Columbus -- Ever heard of something called Positive Pay?

I hadn't until Republican State Auditor Dave Yost mentioned it a few days ago.

And it sound like a lot local governments don't know anything about it, either, though Yost is recommending they consider Positive Pay or other services to protect public accounts from crooks.

You'll recall the warnings the auditor's office issued earlier this year about cyber-scammers and the vulnerability of personal and financial information stored online.

Yost urged local governments, in particular, to beware of spam messages, update their virus and anti-malware software and consider calling people they do business with, rather than communicating solely over email.

Yost followed up that report with a survey of local governments to find out whether they were aware of the anti-fraud services offered by banks.

Scammers apparently are creative people who figure out new and inventive ways to rip off individuals and organizations. For example, some punk took trustees' signatures from a resolution, pasted them onto an official-looking check and nearly made off with $134,000 before the central Ohio township's fiscal officer spotted the unusual "Royal Bank of Scotland" transaction and put a stop to it.

(Why any bank would send $134,000 of a local township's money to a bank in Scotland without some sort of call in advance to confirm the payment was intended is beyond me, but I digress.)

Given situations like that, Yost asked the 5,600 local government offices in Ohio whether they were using Positive Pay, a service offered by banks that allows customers to confirm checks before funds are transferred.

More than 700 school districts, township and county offices, libraries and others responded. It turns out, nearly half weren't aware that such services were available.

Even scarier: Some 41 percent of those that use anti-fraud services for their accounts have prevented fraudulent checks from being paid out.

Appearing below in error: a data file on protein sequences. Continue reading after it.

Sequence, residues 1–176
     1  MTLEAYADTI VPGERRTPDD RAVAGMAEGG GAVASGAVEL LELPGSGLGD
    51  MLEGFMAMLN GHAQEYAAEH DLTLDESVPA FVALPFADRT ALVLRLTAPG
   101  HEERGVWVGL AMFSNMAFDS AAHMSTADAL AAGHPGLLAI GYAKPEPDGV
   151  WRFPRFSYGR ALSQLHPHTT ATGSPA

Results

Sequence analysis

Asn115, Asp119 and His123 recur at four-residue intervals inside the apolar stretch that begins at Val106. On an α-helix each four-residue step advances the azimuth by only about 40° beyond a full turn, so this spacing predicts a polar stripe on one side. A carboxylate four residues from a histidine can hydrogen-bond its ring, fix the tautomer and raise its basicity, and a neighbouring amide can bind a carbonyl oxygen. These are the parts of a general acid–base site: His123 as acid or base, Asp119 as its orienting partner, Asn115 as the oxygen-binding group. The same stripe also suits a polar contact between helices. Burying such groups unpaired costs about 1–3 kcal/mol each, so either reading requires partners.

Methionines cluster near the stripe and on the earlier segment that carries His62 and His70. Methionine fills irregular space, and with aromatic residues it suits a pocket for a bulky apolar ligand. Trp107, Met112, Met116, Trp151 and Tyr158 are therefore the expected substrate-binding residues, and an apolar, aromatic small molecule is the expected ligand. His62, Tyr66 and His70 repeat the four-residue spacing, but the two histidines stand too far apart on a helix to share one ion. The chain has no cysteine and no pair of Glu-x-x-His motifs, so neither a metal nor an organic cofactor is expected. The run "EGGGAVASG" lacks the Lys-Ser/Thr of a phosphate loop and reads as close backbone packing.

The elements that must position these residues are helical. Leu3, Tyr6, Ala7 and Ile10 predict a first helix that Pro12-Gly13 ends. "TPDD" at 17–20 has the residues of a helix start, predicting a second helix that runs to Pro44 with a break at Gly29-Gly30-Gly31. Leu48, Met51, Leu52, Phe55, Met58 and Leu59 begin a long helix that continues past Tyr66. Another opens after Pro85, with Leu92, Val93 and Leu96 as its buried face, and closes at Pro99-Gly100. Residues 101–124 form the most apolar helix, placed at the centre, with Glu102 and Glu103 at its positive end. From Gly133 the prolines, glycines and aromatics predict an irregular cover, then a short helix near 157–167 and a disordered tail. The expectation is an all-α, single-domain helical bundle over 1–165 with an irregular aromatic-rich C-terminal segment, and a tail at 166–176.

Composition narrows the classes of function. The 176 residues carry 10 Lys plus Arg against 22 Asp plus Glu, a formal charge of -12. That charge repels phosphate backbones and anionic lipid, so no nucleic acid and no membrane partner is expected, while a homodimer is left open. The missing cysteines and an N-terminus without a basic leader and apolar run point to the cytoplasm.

"The sophistication with which thieves operate today requires we take additional steps to protect public dollars," Yost said in a released statement. "I recommend all government entities review the safeguards on their accounts and consider adding Positive Pay to their arsenals."

With Positive Pay and comparable services, Yost said, fiscal officers provide information to their banks daily about the checks that have been issued, the amounts and the recipients.

The bank approves only the ones that are on the list.

"If someone forges an electronic communication they forge a check, if someone's stolen a check and forged it, the bank won't pay it because there's this added backup," Yost said. "It's a very effective, logical system."

There is a cost -- about $65 a month.

But when we're talking about the possibility of losing $134,000 with one fraudulent check, that seems like a small price to pay.

"Fraud protection like Positive Pay is a necessary step to protect tax dollars," Yost said. "We think those entrusted with tax dollars at schools, libraries, townships, villages and beyond should look seriously at this option. It's a relatively inexpensive safety net."

He added, "No government in Ohio can afford to not be using these kinds of anti-fraud tools."

Marc Kovac is the Dix Capital Bureau Chief. Email him at or on Twitter at OhioCapitalBlog.